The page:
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Pa. lawmakers may see salary hikes

November 20, 2004|by RICHARD F. BELISLE

waynesboro@herald-mail.com

WAYNESBORO, Pa. - Lawmakers, judges, district justices and some top state executives might be in for double-digit raises costing taxpayers $16 million, depending on how the Pennsylvania General Assembly votes this weekend.

Under one proposal, according to state Rep. Pat Fleagle, R-Waynesboro, the salaries of legislators, judges and Gov. Ed Rendell's department secretaries would be tied to salaries for comparable federal offices.

Raises would range from 10 percent to nearly 22 percent.

Representatives such as Fleagle and state Sen. Terry Punt, R-Waynesboro, would see their salaries increase from $66,203.55 to $79,050, or 19.4 percent.

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That would represent half of what members of the U.S. Congress earn and does not include such state-paid fringe benefits as car allowance, postage, per-diem pay while the legislature is in session, and money to hire staff and run district offices.

Fleagle said Friday he had not discussed the proposed salary increases with his Franklin County colleagues.

"I knew there was talk of pay raises," he said.

Fleagle declined to say how he would vote if the issue came up.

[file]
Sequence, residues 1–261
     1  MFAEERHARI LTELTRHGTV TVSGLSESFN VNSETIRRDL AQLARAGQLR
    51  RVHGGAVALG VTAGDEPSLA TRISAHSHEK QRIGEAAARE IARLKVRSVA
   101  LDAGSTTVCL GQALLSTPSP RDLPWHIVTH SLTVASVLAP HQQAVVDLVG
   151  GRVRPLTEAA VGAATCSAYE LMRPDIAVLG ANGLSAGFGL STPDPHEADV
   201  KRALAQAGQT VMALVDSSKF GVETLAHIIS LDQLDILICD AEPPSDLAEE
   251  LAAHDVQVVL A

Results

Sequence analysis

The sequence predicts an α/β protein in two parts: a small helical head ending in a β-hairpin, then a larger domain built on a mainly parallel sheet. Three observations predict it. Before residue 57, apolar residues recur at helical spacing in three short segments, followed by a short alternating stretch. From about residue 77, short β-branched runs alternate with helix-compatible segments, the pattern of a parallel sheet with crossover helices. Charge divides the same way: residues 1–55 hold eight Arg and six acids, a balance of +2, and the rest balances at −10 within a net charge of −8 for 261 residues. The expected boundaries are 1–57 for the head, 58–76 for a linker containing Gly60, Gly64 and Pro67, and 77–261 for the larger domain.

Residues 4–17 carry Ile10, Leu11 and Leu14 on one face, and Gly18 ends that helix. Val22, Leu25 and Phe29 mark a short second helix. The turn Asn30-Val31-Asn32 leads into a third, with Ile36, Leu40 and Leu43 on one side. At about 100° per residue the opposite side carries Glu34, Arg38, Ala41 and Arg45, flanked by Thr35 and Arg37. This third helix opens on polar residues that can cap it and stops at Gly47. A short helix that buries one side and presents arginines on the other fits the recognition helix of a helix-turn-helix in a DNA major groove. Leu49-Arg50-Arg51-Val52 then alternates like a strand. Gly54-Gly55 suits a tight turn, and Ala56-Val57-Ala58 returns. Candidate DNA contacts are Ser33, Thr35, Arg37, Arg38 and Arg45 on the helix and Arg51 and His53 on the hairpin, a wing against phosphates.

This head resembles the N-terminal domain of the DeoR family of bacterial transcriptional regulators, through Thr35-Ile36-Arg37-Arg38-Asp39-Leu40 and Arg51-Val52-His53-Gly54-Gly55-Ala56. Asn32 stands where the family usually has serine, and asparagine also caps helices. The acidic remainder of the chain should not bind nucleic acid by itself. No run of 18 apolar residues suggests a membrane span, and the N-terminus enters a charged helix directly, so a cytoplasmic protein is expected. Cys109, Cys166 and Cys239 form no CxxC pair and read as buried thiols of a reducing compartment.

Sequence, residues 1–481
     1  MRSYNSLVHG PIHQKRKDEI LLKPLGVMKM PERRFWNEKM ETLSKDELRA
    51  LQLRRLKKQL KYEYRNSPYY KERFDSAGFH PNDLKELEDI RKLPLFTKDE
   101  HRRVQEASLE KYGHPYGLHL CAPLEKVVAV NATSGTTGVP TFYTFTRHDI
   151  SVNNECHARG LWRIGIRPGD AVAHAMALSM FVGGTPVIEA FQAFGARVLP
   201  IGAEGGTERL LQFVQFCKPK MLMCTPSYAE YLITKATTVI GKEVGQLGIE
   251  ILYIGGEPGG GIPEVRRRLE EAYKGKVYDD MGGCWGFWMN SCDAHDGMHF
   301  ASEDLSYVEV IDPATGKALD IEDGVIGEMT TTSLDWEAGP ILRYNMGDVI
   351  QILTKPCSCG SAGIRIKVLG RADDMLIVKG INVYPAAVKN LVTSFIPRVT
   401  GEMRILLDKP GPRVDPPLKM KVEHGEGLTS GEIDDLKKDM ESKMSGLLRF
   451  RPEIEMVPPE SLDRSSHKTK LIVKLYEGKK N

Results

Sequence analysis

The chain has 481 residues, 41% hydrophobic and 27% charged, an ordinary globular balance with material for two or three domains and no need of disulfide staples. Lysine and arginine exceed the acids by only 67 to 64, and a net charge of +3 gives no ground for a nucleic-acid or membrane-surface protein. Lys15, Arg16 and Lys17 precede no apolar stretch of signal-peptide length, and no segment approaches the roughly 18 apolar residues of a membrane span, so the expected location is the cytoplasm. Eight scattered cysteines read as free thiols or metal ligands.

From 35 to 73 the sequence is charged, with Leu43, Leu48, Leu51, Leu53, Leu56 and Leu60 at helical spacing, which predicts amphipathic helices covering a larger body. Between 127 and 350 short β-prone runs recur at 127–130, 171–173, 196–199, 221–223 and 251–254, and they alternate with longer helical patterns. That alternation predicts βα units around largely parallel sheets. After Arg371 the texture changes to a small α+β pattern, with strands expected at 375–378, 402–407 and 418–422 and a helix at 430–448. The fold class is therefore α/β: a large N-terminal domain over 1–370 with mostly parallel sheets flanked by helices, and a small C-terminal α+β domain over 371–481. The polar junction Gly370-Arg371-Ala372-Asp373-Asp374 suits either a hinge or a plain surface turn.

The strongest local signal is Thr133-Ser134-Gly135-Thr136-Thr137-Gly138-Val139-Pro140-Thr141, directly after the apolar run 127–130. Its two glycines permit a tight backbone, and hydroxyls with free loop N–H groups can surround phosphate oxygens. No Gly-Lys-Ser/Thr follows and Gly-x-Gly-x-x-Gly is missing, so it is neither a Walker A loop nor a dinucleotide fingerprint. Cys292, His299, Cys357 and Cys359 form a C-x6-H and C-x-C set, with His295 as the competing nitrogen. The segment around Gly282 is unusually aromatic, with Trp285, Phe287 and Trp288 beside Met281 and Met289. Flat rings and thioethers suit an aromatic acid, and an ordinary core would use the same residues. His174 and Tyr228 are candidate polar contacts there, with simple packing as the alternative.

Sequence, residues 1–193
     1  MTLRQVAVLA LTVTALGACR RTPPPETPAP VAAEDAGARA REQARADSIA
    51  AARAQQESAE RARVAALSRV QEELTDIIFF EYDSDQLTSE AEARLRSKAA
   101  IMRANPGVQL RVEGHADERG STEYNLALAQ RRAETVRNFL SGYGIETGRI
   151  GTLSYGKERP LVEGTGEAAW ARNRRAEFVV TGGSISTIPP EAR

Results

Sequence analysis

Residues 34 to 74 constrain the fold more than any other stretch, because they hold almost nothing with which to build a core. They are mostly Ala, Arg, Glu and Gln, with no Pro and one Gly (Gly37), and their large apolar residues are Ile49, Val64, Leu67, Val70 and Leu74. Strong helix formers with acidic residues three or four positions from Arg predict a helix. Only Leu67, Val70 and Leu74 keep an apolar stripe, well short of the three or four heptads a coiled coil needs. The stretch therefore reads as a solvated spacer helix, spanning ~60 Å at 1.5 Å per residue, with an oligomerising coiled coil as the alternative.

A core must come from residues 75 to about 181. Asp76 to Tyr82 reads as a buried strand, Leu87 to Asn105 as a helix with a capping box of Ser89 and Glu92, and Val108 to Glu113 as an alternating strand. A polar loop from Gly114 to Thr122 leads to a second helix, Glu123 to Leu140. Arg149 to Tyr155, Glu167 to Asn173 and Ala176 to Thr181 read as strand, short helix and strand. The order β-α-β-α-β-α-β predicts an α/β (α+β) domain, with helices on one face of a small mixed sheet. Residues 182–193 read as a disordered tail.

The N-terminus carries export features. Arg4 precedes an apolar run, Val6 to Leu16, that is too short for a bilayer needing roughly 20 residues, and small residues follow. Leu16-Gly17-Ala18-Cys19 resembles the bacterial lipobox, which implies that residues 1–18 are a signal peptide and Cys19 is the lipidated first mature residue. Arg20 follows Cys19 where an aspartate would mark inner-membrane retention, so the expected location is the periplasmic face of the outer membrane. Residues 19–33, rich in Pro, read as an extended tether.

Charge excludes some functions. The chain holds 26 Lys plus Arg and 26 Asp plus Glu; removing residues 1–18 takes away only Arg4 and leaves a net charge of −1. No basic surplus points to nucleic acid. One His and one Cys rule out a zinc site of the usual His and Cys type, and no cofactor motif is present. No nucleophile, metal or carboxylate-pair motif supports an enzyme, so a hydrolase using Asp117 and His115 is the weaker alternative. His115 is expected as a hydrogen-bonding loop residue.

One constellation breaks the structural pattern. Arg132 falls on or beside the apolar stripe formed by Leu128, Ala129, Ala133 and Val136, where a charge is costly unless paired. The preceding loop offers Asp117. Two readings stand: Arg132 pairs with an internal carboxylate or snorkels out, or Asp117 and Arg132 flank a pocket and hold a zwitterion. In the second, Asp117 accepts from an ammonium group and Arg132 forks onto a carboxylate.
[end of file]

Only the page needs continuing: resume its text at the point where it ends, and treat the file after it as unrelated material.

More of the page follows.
"I'm willing to look at anything they propose," he said. "They need to pay good people good wages, but that's the rub. What are good wages?"

Fleagle said he could "get by on what he makes now," but questioned whether the legislators' current salary is high enough for representatives who live in expensive urban areas.

"There's much turmoil over what's fair," he said.

Freshmen legislators make as much as veteran lawmakers who chair committees, he said.

Messages left with Punt's Harrisburg office Thursday and Friday were not returned.

The state's 421 county Common Pleas judges would get a raise of $21,317, or 17 percent, from $124,135 to $145,452 under the proposal. Their new salary would be equal to that of a federal magistrate judge.

According to Arthur Heinze, spokesman for the Administrative Office of Pennsylvania Courts near Mechanicsburg, Pa., the state has 555 district justices. They currently earn $61,142.04. The proposal calls for a $6,000 raise, or nearly 10 percent, for district justices.

The legislature passed a bill in 1995 that added a cost-of-living clause to district justice salaries, District Justice Larry Pentz said Friday.

It the proposed pay increases go through, it would be the first increase over his base salary since then, he said.

"We used to get raises every five or six years," he said.

The state's Supreme Court justices, would get a raise of $24,664, or 17 percent, from $142,936 to $167,600. That would match the salary of a U.S. Court of Appeals judge.

The executive branch's 18 department heads earn between $103,980 and $115,533. If the proposal passes, they would enjoy raises that would take their salaries within 72 percent to 80 percent of those earned by federal department secretaries.

The Associated Press contributed to this story.

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